In 1930, a new team was added to the National Hockey League in Philadelphia, Pennsylvania when the team deserted its hometown of Pittsburgh (where it had been named the Pirates, like the champion baseball team) to move farther eastward. The team took on the name Quakers, a reference to the religious group that heavily populated Pennsylvania, and played two seasons of some of the worst hockey the league had ever seen. By 1932, the team was gone forever from the annals of the game.
This writeup, however, is about the baseball Philadelphia Quakers who entered the National League in 1883 and played ten years of middling baseball before becoming the team they are today, the Philadelphia Phillies.
Upon the team's founding in 1883, it was up to Bob "Death To Flying Things" Ferguson, former star second baseman of the now defunct Troy Trojans, to form the team. He went around the other teams in the league, scooping up whatever leftover talent he could muster. The best he could find was Buffalo Bisons holdout Blondie Purcell, a double threat as both pitcher and third baseman, and Jack Manning, a former pitcher turned outfielder coming off of several poor years of play. The rest of the team was a ragtag group of journeymen and rookies, including #1 pitcher John Coleman, a mere 20 years old. The team went a positively dismal 17-81, with Coleman himself going 12-48 for his effort.
In 1884, Ferguson was ousted and replaced by Harry Wright, former manager of both the Boston Red Sox and Boston Braves and 6-time league champion. Unfortunately, all of the managing talent in the world wouldn't help on the diamond, where Manning's .271 was tops on the team in a league where Chicago as a team batted .281. With such colorful personalities as fireballers Cyclone Miller and Sparrow Morton, and 24-year-old poker wizard named Tom Lynch, the team's 6th place finish with a 39-73 record was something of a sideshow to real entertainment. In the age of baseball as vaudeville, the Quakers were a standout team.
Getting Better All The Time
Luckily for the Quakers, Harry Wright meant business, and by 1885, the team had found two pitchers (in pre-1900 baseball, one or two pitchers did most of the dirty work for each team) who could do the job well, and do it well, and both only 22: Charlie Ferguson and Ed Daily. In relief they had Eddie "The Only" Nolan, who was so named because he only threw one pitch, a mean curveball in the age when the curve was considered deceptive and crude. With third baseman Joe Mulvey finally coming alive and Manning providing some decent pop, the team finished 56-54, good enough for third place in the watered down National League, where Chicago and New York dominated.
In 1886, the team lost Manning but gained yet another young mound phenom in Dan Casey. They also added a young catcher named Deacon McGuire, who spent the next 28 years playing pro baseball, and a strong centerfielder named George Wood. With all of this improvement, the team finished 71-43 - good enough for 4th place as other teams all improved their teams as well. How did they all get better at the same time? Well, seeing as baseball was only about 20 years old, the new talent had just now started growing up playing the sport and could grasp the fundamentals more firmly at a younger age.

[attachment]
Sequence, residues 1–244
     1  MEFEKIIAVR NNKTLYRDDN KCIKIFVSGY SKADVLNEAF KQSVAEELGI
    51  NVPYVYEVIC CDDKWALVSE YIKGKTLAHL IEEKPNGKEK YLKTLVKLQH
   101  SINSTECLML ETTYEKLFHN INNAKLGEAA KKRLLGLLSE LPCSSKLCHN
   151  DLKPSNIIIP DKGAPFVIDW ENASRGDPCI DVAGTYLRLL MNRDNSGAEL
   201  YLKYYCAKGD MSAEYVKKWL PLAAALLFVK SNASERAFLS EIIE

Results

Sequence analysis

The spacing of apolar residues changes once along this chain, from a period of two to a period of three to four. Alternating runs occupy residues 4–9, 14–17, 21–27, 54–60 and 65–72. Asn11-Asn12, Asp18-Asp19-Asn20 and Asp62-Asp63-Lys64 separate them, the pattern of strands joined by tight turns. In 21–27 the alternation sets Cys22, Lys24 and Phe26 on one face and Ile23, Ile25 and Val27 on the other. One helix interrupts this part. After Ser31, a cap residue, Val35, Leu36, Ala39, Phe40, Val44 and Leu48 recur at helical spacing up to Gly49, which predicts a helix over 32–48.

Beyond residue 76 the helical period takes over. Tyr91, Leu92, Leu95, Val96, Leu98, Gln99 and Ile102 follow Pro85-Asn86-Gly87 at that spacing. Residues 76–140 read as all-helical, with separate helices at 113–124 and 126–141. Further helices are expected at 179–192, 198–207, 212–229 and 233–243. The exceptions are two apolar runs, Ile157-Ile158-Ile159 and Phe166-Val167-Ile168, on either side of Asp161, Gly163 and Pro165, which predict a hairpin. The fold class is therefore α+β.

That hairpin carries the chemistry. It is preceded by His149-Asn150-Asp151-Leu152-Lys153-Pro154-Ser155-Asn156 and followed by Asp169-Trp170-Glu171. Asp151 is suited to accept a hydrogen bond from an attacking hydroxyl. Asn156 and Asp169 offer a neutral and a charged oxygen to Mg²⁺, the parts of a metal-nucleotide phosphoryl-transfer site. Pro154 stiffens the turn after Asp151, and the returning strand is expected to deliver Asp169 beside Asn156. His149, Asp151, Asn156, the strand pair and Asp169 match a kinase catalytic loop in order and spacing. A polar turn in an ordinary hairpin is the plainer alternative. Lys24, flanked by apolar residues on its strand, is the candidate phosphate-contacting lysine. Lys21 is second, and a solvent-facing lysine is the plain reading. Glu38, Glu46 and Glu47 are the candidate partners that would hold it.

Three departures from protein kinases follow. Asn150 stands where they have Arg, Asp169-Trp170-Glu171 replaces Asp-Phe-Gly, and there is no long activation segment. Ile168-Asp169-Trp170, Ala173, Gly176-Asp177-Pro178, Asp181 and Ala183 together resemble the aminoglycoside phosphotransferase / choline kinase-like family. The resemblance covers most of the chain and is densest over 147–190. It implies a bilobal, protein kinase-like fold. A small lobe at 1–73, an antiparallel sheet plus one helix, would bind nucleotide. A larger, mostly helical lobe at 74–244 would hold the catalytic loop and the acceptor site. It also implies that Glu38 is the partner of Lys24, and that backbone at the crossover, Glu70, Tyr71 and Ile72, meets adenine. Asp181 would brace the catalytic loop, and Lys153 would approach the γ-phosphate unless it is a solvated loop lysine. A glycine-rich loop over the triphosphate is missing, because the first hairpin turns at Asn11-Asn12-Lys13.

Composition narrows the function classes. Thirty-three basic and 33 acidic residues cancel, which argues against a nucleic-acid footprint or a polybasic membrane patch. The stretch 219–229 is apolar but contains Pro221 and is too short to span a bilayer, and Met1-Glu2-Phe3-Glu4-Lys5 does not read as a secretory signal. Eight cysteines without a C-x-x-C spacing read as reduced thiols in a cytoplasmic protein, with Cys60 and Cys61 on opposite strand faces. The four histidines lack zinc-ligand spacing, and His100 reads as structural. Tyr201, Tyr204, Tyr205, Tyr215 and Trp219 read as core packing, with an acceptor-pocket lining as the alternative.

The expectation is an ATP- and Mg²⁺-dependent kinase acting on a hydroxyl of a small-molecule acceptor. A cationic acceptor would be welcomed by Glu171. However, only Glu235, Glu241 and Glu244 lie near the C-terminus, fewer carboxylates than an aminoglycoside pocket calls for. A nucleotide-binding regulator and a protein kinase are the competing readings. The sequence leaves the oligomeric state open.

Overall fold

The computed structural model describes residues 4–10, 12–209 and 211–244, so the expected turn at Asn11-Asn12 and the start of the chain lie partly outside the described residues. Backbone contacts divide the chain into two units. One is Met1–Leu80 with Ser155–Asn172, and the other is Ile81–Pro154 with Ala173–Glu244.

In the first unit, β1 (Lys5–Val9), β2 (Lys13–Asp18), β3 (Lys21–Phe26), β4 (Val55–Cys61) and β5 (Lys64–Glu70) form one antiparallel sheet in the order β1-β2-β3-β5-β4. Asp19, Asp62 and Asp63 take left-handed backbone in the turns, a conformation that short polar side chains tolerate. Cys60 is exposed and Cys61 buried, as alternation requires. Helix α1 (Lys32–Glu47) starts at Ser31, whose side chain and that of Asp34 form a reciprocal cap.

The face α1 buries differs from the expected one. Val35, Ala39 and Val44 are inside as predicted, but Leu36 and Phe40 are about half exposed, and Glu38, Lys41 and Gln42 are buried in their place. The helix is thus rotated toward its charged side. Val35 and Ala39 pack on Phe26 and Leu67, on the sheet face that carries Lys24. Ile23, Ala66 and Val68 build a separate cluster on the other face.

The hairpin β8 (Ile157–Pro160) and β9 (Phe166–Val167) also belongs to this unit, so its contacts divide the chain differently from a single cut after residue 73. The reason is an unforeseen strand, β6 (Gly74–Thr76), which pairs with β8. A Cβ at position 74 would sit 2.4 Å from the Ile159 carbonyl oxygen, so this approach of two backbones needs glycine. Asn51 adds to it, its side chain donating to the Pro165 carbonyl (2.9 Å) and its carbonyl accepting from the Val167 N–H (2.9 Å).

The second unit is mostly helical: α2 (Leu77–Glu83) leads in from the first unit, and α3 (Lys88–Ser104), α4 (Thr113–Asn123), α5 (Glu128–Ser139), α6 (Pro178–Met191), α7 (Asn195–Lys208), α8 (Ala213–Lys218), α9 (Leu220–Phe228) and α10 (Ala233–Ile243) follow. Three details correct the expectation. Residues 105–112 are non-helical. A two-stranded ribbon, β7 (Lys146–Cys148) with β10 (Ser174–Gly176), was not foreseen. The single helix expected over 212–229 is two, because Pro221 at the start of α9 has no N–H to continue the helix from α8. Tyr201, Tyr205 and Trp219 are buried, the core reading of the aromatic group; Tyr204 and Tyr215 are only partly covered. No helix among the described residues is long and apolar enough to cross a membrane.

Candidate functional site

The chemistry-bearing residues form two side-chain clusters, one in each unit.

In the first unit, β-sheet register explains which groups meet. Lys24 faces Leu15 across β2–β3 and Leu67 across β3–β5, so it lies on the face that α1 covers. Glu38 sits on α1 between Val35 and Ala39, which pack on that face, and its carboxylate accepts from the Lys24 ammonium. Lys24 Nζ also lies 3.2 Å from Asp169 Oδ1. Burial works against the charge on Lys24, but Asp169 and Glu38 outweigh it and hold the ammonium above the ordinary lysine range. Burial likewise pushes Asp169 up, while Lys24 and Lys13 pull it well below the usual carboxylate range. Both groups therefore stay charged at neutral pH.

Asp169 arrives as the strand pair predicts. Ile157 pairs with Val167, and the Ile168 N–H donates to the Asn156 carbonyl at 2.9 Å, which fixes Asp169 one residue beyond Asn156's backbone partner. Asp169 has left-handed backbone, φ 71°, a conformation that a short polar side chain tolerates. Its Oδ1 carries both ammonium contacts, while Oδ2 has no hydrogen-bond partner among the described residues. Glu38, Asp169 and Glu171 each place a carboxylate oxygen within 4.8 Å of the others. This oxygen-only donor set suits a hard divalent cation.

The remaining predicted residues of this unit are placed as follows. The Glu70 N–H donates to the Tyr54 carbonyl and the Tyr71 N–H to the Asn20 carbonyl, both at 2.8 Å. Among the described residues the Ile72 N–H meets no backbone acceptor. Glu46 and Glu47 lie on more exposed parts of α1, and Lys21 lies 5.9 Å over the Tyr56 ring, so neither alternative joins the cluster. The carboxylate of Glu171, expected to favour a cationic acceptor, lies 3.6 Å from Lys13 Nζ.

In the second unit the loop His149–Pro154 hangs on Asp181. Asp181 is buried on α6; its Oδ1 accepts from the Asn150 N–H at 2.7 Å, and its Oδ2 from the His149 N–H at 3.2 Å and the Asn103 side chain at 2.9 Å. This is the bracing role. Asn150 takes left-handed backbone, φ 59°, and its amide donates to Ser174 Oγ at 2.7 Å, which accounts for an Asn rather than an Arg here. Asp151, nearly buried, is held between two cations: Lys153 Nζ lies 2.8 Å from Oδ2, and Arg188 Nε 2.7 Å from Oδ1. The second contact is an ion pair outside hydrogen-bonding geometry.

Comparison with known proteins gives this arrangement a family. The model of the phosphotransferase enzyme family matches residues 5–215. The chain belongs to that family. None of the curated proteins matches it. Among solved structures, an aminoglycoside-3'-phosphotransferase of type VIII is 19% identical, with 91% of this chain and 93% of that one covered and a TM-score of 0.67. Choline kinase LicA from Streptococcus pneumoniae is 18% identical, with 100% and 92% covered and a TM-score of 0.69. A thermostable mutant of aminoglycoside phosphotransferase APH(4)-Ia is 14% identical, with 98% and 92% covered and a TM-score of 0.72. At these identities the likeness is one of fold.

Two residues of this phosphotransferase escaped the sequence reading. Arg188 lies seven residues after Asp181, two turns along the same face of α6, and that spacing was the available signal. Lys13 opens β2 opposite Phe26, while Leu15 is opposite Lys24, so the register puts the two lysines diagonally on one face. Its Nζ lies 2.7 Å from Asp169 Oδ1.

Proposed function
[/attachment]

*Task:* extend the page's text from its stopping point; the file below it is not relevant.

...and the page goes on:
In 1887, the team was blessed with a banner year from rightfielder Ed Andrews, who hit .325 and clubbed 4 homers (!), while Casey and Ferguson continued to shine. Unfortunately, Ed Daily got a case of "dead arm" (most likely tendonitis) and was replaced by Charlie Buffington, who proceeded admirably in his stead. With good seasons from Mulvey, Wood, and franchise long first baseman Sid Farrar, the team won 75 games, just 4 short of eventual league champions the Detroit Wolverines. It would be the closest to the top the Quakers ever reached.
In 1888, it was to be expected that Wood, Andrews, and the others wouldn't be as good as they had been the year before. But nobody expected just how far the team would fall: Andrews, from .325 to .239; Wood, .289 to .229; Mulvey, .287 to .216. The team's addition of the ill-fated Ed Delahanty didn't prove useful, but luckily, last year's newcomer Buffington proved magnificent on the mound, going 28-17 with a 1.91 ERA in 400 IP. He was aided by another young pitcher named Ben Sanders, who topped Buffington with a 1.90 ERA and a 19-10 record! The team went 69-61, and finished in third place.
In 1889, the Quakers finally found themselves in the possession of a known product, a guaranteed star, in Detroit's Sam Thompson. Two years earlier he had batted .372 for them, and the Quakers hoped he could be a leader on their new team. They had no idea what he would do in this season.
Sanders and Buffington both had dropoffs but still managed winning seasons; Farrar, Mulvey, and Wood showed improvement over the year prior. Even young Delahanty batted .293 off the bench, on his way to a .346 career average. But it was Thompson who stole the show, batting .296 and hitting 20 home runs (the second most ever by a major-leaguer) while stealing 24 bases. The team finished fourth, but Thompson's 1889 season was one to remember, and the best ever in a Quakers uniform.
In 1890, the team dumped the Quakers moniker in favor of the more fan-friendly "Philadelphia Phillies." The name would lie dormant for forty years, until its good name was sullied by that one-shot pony in the NHL. Let's hope no one uses it again without living up to its original owners.
Philadelphia Phillies | Pittsburgh Pirates